We could do as much with the epistles and other texts of the Masses of the season, but for today, I would like to say just a few words about the lessons for Matins. Abraham, our father in the faith, is summoned by God to leave his country, the house of his father and all his kindred and to go into a land that God was showing him. It was a huge leap in faith. Beyond the meaning it might have for those of us who have actually been called to leave the land of our birth, it has a more profound meaning for all, which is that we must leave ourselves, our petty calculated self-interest, and learn how to put out into the deep waters of absolute trust in Divine Providence who is guiding us to Himself.

We see in this way that going out of ourselves always involves going into God and His mystery. If we are brave enough to take that leap of faith, to actually hand over our lives to God, then we can be sure that the result will be marvellous. The future was hidden from Abraham. The Epistle to the Hebrews tells us he did not know where he was going, but he went in faith, and the result was a posterity more numerous than the stars of heaven or the grains of sand on the seashore. All of sacred history follows upon this leap of faith.

Something similar happens whenever a person accepts to walk in faith as did Abraham. This is particularly visible when a young person accepts to renounce his or her career in order to follow Christ in religious life. It is a a going out of all that is known to and loved by that person, and this can be hard for nature, especially at the start, but it is also a going into God's plan; it is allowing God to open a path in this world, a path of salvation for that person, but also, and sometimes precisely for those loved ones he or she leaves behind.

God is never outdone in generosity. Give all and you will find all. Go out of yourself, and let yourself be led into God. You won't regret it. 


The Wonderful Lady of Cana

Here at Notre Dame Priory we celebrated yesterday our first patronal feast as a community. As you may know, there is no existing feast of Our Lady of Cana in the Roman Liturgy, even though the mystery is commemorated today, the Second Sunday after Epiphany. We have, with provisional permission from the  Archbishop of Hobart, put together, thanks to the copious writings of the saints on this mystery, a proper office for the feast which we celebrate on the Saturday after the Epiphany — which this year, was yesterday — and for which we hope to get approval from the Holy See.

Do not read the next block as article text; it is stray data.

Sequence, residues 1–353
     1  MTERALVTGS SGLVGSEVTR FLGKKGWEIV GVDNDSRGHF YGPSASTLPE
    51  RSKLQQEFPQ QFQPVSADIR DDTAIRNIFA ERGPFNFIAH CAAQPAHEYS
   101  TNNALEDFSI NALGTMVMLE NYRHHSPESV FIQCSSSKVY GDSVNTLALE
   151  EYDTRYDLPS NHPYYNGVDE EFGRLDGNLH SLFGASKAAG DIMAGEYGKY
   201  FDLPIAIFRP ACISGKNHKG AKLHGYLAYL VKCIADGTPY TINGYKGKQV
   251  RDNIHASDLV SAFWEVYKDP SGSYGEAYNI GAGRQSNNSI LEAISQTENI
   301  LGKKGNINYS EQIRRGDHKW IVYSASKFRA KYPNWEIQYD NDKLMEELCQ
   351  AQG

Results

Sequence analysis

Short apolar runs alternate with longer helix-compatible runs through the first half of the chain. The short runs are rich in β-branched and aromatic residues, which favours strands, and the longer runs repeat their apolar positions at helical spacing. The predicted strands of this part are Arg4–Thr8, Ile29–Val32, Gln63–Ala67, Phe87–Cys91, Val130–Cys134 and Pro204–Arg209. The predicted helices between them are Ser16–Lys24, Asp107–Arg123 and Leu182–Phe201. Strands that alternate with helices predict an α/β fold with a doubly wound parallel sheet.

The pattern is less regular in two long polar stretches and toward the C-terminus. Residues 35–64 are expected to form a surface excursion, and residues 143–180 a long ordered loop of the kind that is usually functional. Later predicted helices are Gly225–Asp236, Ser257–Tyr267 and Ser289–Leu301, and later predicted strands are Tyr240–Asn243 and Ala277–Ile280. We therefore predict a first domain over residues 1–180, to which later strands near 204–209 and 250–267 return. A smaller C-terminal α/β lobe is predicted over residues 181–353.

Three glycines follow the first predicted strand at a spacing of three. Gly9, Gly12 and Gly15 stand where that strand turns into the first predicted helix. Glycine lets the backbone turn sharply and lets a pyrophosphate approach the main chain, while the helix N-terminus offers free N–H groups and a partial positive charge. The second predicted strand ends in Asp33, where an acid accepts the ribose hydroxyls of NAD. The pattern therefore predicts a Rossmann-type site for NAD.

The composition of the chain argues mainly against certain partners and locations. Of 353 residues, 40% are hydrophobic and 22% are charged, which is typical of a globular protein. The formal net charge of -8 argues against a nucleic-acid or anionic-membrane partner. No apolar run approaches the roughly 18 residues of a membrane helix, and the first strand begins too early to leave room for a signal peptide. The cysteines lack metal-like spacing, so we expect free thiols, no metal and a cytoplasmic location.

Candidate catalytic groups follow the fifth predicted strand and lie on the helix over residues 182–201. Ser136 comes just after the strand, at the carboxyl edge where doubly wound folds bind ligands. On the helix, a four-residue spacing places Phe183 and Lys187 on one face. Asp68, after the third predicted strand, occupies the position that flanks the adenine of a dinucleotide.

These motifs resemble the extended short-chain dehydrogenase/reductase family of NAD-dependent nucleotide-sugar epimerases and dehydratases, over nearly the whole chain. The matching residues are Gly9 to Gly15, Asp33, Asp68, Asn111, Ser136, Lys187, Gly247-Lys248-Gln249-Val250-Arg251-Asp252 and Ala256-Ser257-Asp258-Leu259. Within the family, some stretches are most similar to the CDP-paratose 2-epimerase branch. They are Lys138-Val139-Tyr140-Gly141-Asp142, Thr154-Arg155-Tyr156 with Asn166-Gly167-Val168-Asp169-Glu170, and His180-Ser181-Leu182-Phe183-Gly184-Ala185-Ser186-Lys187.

Why is the mystery so important? And why was it chosen as the guiding star for our community? Our Lady's humble but clear petition to Her Son has always been an inspiration for authentic prayer: one makes known in all simplicity one's needs to the Lord, without going into all the details, for He knows them and He loves us. One presents one's need, in utter confidence that, since He loves us, He will answer our prayer in the best way possible. The need at hand in Cana was wine. On a purely literal reading, it would appear that Our Lord stoops down to give something that seems quite worldly and not essential. In this sense, His great love and compassion are made manifest.

But there is much more. The water symbolises us, our frail efforts at doing good to please God and save our soul. But whatever effort we put into it, it remains insipid, there is no energy, no sweetness. The wine symbolises the sweetness and warmth of the divine love that truly gives life, eternal life to our actions performed in time.

So if we feel that we are running out of wine, or if we have long been without it; if we can sense that our spiritual life is not getting anywhere, then let's go to the Lady of Cana, and ask Her to go to Jesus for us, and asks Him to transform our weak efforts into something sweet, something warm and lasting, that we may relish the sweetness of God. 

There is also the entire mystic of the nuptials. Salvation history begins with a wedding, that of Adam and Eve; and it concludes with the eternal marriage feast of the Lamb, God who weds all the elect to Him in a spousal union. And in the middle of this history, Our Lord chooses to perform His first miracle at a wedding. For sure, Our Lord's presence there sanctified marriage and raised it to the level of a sacrament, but it also symbolised the spousal  nature of our very existence and our call to love and eternal fidelity to God. 

As monks, we vow our entire lives to God; we forego the joys of married and family life to taste, already in this life, the peace of a spousal union with God. But that does not make us oblivious of married couples and families, on the contrary; it gives us a great desire to help them live up to the marvellous plan God has in store for them. And this is all the more important in an age which seeks to destroy the family.

May Our Lady of Cana bless all married couples; may she open their hearts to welcome with generosity all the children God will give them without seeking to dictate their desires to God; may she heal the hearts of all those who have a distorted notion of the real meaning of married love and family; may she heal the broken families, and mend all wounds of the soul; and may she give to those who are consecrated to virginity or celibacy the grace to be faithful to so lofty a calling and to thus be a model of unconditional love and surrender to the Eternal Bridegroom.

Monks and Families